Home > Journalists in the news > The first B.C. Reporter book club-ish post (UPDATED)

The first B.C. Reporter book club-ish post (UPDATED)

April 14, 2011

I’ve finally got a copy Mark Leiren-Young‘s Never Shoot a Stampede Queen, a memoir about Mark’s time as a rookie reporter for the Williams Lake Tribune in 1985-6.

The book won the 2009 Stephen Leacock Medal for Humour, which is the single biggest prize out there for a writer who aspires to be funny. I know several other local journalists offered their take on the book when it was first released, but this blog wasn’t around back then and anyways, I only heard about it a couple months ago.

So, I’m 77 pages and can’t offer too much of a comment on it yet. But the book does touch on several characters that are sure to be familiar to an, ummm, “more experienced” generation of community reporters. I might as well take a swing at trying to ID one of them right away.

One figure whose already popped up is the publisher, named Stan. At the start of the book, Mark explains that “some real people are now what the lawyers like to call ‘composite characters’–in the hopes that my friends in the Cariboo will still talk to me after they read this, and to avoid giving my publisher’s lawyer a heart attack.”

Now I’m not sure about the life history of David Black, but from what I can surmise, it seems likely that he is one large component, but not all, of “Stan.” (If Black’s got an alibi for this, please, please, please leave a comment. I don’t want to go through this whole book thinking Stan is Black when that’s not the case.)

[UPDATE:  Someone has since left a comments suggesting (I think) that Bob Grainger may in fact be Stan. Given that I have no reason to believe otherwise, and that Grainger was the Cariboo Press GM in 1984 as shown here, I think it’s probably more likely than the proceeding speculation. By the way, whatever happened to Grainger? I can find no online trace of him online after 2008, including no retirement notice.]

Here’s why I think [thought] this:

Black, of course, built his chain around the Williams Lake Tribune, which he bought in 1979.  Stan, meanwhile, told Mark “he’d helped take over a few Ma and Pa operations and that’s how is chain now included almost two dozen newspapers.”

The quote that follows also sounds like it’s straight out of Black’s playbook.

“‘I don’t know anything about journalism,’ [Stan] boasted, ‘but I know how to make a profit.'”

Elsewhere, Stan hopes his new reporter isn’t too proud to write business profiles and reminds him that “advertising pays the freight around here.”

That sounds like Black’s philosophy, although it’s a pretty tin-eared way to greet a reporter who you want to stick around for any length of time.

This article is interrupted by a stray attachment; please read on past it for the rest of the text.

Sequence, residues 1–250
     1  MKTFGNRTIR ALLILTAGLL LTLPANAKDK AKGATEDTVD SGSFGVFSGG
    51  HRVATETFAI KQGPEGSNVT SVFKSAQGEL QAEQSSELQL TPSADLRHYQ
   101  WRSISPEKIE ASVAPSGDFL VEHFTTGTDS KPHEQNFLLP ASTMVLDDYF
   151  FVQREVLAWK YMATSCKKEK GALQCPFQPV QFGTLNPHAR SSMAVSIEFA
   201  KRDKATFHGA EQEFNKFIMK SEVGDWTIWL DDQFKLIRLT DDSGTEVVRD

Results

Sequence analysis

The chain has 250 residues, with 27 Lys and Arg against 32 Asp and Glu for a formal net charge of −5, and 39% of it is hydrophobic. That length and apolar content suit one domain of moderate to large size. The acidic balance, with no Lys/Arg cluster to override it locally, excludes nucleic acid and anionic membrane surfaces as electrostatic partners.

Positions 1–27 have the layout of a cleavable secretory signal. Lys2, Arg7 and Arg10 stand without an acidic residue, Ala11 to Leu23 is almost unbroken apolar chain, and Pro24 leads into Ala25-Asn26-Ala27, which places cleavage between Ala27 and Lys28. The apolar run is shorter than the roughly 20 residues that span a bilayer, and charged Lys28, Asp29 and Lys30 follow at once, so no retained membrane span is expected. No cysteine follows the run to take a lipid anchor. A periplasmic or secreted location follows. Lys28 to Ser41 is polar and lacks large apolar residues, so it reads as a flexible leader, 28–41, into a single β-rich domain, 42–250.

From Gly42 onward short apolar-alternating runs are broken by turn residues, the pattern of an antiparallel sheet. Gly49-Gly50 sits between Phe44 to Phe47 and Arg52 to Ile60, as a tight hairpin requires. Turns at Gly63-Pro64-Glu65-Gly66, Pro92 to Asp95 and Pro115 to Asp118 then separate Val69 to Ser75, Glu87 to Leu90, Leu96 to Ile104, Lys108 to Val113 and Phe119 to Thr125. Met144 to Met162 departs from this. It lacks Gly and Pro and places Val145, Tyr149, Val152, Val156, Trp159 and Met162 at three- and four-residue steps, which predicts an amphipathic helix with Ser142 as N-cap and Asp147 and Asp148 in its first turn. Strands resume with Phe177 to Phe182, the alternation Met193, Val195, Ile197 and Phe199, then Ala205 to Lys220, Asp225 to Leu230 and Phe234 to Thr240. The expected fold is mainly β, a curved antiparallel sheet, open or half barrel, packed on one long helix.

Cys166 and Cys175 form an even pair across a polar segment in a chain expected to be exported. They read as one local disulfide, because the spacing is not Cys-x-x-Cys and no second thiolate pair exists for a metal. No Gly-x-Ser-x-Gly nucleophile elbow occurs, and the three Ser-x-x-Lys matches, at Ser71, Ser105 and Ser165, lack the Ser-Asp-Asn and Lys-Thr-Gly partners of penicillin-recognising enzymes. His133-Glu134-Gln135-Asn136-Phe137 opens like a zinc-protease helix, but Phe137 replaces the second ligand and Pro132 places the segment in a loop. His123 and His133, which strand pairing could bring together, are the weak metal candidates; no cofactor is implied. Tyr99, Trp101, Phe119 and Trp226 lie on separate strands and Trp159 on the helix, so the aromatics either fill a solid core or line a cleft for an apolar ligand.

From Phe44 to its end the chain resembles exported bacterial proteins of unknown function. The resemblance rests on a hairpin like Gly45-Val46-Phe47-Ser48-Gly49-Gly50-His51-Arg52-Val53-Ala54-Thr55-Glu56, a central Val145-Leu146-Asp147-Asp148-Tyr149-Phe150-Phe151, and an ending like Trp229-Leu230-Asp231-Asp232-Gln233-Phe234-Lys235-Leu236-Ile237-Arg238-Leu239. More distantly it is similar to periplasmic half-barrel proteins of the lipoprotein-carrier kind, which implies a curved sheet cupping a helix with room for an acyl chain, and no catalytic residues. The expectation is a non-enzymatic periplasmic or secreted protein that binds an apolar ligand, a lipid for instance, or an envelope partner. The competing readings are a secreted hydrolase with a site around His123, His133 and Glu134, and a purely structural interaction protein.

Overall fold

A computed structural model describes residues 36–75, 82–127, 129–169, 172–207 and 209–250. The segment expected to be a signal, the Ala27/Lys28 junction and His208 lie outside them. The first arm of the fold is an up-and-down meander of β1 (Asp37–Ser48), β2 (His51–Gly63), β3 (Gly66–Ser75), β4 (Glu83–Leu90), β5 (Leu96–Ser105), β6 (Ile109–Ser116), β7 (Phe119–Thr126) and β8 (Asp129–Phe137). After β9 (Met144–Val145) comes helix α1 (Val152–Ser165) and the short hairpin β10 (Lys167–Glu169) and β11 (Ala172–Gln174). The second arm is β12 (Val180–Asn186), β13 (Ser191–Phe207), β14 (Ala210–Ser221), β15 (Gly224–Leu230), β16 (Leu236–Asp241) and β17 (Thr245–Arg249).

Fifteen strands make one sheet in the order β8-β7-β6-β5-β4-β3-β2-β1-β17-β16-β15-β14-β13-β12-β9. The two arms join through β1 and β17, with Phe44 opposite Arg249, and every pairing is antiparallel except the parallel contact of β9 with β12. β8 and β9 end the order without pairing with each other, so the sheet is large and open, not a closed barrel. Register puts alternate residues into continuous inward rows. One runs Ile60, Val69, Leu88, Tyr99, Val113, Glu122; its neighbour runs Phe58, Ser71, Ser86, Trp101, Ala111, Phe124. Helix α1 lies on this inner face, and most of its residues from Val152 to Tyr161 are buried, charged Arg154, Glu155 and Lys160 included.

The only things that make me think that Stan isn’t Black, are Mark’s physical descriptions of him.

Stan, for example, “was as big as he sounded on the phone” with a bushy moustache that belonged in the Old West. He also sounds like an older guy in his mid-50s, rather than his mid-30s, as Black would have been at the time. Today at least, Black’s not a very physically imposing guy.

Seventy-seven pages in, though, that’s about the only thing that has me believing that Stan isn’t David Black. I will report back later.

In the meantime, the book is an entertaining read, albeit one obviously written for a general, rather than journalist, audience. That’s not a bad thing, it just means that some of the funny tales Mark writes about are occurrences that repetition has caused at least this reporter to look at as routine, rather than out of the ordinary.

But while the book makes one want to head to the computer and pound out the last several years of humorous anecdotes accrued on the job, there’s probably not much point in trying. Mark’s way with language and a quip is such that even if you manage to do as well as him, you won’t be breaking much ground.


This blog had more visitors in March than any previous months. It’s still a one-person show, though, so any help would be great. It’s easy, quick and the pay is shite. E-mail bclocalreporter (at) gmail (dot) com.

Have I made an error? It wouldn’t be the first time. Leave a comment and I’ll shamefully update the post.

We’re making inroads into our census of B.C. community newspapers, but there are still a lot of blanks in the Journo-lust Spreadsheet. How many journalists work at your paper? How often do you come out? Who’s your publisher? Participation is free! The benefits unlimited! The exclamation points boundless!

  1. Veteran Black Pressie
    April 14, 2011 at 3:12 pm

    Ever met Bob Grainger?

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